Moderns: Pound, Cocteau, and Homosexuality
In those apprentice years he wrote tolerantly of poets who extolled other males “in Greece and Pagan countries” (letter to W.C/ Williams, 21/10/08). Later he acquired a kind of locker-room homophobia, to judge from the coarse “Tale of the Honest Sailor” that concludes Canto XII. At a more serious level the joke attests Pound’s adoption of the medieval parallel of sodomy and usury as two forms of sterility. During his St. Elizabeths period Pound was sometime heard to lament the “pansification” of America.
These negative attitudes, including the characteristic hardening in older years, were arguably part of the mindset of the period. In addition, there may have been, as conjectured by Hugh Kenner, some element of sexual politics. Kenner has postulated that Wyndham Lewis and his associates reacted against Bloomsbury intellectuals (Forster, Strachey, and Woolf) by flaunting their own machismo.
One commitment, though, would have deterred Pound from out-and-out homophobia-- his attachment to ancient Greece. He could scarcely have remained unaware of the major role of same-sex love in that source culture.
Pound shared with the openly gay Jean Cocteau (1889-1963) an interest in reviving the classics so as to make them relevant to modern times. Unlike the mischievous Pablo Picasso, Pound refrained from attacking his French colleague on sexual-orientation grounds. He was always deferential to Cocteau.
Apart from the difference in orientation, the two poets present a number of striking similarities. Cocteau’s “Cap de Bonne Espérance” (1918), a homage to the aviator Roland Garros, is arguably the first long modernist poem in any language. Its collage-like techniques anticipate some of those found in The Cantos.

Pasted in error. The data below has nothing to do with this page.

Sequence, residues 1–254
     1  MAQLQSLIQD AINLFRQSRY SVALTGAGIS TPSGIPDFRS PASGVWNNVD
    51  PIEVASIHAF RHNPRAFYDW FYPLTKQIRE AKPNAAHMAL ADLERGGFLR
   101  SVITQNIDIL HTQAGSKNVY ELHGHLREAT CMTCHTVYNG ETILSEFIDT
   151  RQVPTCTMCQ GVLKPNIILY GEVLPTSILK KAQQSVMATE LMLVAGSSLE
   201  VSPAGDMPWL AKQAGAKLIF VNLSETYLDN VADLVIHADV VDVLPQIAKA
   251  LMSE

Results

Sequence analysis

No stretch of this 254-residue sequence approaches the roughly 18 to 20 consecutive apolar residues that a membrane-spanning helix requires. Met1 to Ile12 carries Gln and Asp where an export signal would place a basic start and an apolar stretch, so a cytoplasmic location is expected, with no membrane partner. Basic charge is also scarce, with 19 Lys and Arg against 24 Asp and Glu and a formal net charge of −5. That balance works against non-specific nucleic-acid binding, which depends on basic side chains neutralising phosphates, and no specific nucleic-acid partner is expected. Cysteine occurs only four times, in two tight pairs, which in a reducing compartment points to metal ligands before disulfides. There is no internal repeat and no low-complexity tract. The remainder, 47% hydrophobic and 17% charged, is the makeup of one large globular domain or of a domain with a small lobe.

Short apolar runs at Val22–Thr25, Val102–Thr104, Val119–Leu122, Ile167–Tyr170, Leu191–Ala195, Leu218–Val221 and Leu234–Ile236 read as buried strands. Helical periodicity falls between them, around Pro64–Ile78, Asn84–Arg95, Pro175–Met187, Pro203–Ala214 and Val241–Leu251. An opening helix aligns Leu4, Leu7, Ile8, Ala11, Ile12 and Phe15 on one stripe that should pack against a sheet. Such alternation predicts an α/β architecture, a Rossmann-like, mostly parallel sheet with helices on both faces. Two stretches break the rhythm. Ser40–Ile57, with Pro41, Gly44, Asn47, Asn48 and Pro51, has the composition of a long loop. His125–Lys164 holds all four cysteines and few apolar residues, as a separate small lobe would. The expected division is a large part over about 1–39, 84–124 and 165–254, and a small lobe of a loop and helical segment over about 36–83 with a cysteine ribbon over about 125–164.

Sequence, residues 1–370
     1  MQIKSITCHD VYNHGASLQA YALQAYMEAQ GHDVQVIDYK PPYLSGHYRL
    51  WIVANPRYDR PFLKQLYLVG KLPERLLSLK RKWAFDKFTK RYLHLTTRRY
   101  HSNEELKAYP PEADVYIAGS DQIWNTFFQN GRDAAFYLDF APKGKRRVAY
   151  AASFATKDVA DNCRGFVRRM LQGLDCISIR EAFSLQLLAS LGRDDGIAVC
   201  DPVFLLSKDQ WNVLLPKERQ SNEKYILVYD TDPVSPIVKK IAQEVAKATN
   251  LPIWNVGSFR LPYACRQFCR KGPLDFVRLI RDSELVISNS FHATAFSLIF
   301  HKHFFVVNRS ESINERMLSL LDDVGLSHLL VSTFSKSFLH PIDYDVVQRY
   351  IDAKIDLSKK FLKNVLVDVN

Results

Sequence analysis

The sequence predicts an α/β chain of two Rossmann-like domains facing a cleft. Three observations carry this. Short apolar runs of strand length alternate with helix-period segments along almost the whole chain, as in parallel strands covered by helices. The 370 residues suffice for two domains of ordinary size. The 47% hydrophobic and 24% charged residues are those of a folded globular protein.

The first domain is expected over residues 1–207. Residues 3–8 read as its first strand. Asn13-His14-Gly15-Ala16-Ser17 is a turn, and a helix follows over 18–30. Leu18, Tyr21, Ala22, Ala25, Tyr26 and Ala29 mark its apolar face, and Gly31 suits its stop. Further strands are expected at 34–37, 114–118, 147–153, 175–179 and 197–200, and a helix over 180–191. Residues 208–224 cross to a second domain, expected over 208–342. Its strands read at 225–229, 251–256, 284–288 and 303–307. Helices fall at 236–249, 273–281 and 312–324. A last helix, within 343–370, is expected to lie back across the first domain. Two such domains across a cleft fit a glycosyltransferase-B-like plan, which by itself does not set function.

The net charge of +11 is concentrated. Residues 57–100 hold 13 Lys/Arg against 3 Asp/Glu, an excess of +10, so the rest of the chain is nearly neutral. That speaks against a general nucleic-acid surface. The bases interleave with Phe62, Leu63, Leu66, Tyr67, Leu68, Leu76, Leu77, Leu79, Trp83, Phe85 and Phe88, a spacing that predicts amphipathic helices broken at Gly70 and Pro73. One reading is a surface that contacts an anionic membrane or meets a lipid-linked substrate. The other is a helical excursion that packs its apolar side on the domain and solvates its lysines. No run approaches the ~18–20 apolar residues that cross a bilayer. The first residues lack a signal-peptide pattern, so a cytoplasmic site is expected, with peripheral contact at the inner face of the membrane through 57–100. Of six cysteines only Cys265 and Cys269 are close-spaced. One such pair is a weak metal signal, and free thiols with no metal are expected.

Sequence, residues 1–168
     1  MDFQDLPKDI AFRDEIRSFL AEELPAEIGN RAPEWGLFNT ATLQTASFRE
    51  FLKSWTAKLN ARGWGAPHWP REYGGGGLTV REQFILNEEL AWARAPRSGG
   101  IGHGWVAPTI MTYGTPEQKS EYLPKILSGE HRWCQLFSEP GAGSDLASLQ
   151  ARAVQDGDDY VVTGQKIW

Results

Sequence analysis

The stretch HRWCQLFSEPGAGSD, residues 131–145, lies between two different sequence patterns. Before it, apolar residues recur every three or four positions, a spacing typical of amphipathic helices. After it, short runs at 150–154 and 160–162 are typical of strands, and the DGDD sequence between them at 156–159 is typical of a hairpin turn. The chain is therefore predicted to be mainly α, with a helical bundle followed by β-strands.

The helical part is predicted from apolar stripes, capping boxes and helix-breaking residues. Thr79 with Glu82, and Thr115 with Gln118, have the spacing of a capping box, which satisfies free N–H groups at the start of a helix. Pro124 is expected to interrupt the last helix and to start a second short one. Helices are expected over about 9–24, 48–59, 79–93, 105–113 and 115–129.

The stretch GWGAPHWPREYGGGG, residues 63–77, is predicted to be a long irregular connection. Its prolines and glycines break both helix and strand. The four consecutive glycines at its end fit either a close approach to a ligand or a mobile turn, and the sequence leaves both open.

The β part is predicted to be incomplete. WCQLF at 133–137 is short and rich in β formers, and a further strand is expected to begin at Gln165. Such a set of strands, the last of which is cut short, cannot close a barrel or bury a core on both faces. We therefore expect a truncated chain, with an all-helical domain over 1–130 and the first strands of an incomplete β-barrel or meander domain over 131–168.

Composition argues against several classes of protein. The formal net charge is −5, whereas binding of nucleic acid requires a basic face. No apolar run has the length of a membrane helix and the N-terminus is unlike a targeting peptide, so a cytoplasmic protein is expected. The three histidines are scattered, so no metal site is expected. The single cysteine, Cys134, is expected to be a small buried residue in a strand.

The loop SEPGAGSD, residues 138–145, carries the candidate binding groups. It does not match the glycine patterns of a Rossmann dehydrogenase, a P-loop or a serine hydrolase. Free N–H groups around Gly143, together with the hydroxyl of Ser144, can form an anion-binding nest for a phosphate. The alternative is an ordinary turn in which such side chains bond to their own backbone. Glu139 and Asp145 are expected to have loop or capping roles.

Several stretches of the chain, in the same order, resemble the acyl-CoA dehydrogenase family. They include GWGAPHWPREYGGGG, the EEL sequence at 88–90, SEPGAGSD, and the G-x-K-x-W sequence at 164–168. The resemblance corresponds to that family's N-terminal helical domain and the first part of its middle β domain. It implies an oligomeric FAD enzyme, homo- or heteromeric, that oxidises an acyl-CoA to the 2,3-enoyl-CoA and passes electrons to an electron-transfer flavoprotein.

During the 1920s and 30s Cocteau reworked ancient Greek themes, including his dramatic versions of “Antigone,” “Oedipus Rex,” and “Orpheus.” Pound entered this field later with his renderings of Sophocles’ “Elektra” (1951) and “The Women of Trachis” (1953).
Both sought to integrate modernist music into the theater. In 1917 Cocteau wrote the scenario for the ballet “Parade,” with music by Erik Satie and sets by Picasso. “Oedipus Rex” (1925), with its Latin text, was a close collaboration with Igor Stravinsky. With the help of George Antheil, Pound wrote his own score for his opera “Le Testament de Villon” (1926). This was followed five years later when, at the behest of the BBC, he began work on another opera, “Cavalcanti.”
Informed by a certain aesthetic approach, both poets trended to the right in politics, leading to flirtation with the German occupier during World War II (Cocteau) and outright support of Mussolini (Pound).
In their later years both retired to pleasant seats by the Mediterranean, only to be compelled by circumstances to give them up. Still, their last years were blessed by the attention of faithful companions, Edouard Dermit (Cocteau) and Olga Rudge (Pound).
Finally, the two poets have at last made their way into the respective literary pantheons of their nations, Cocteau with two volumes in the Pléiade series (1999-2003) and Pound with one in the Library of America (2003).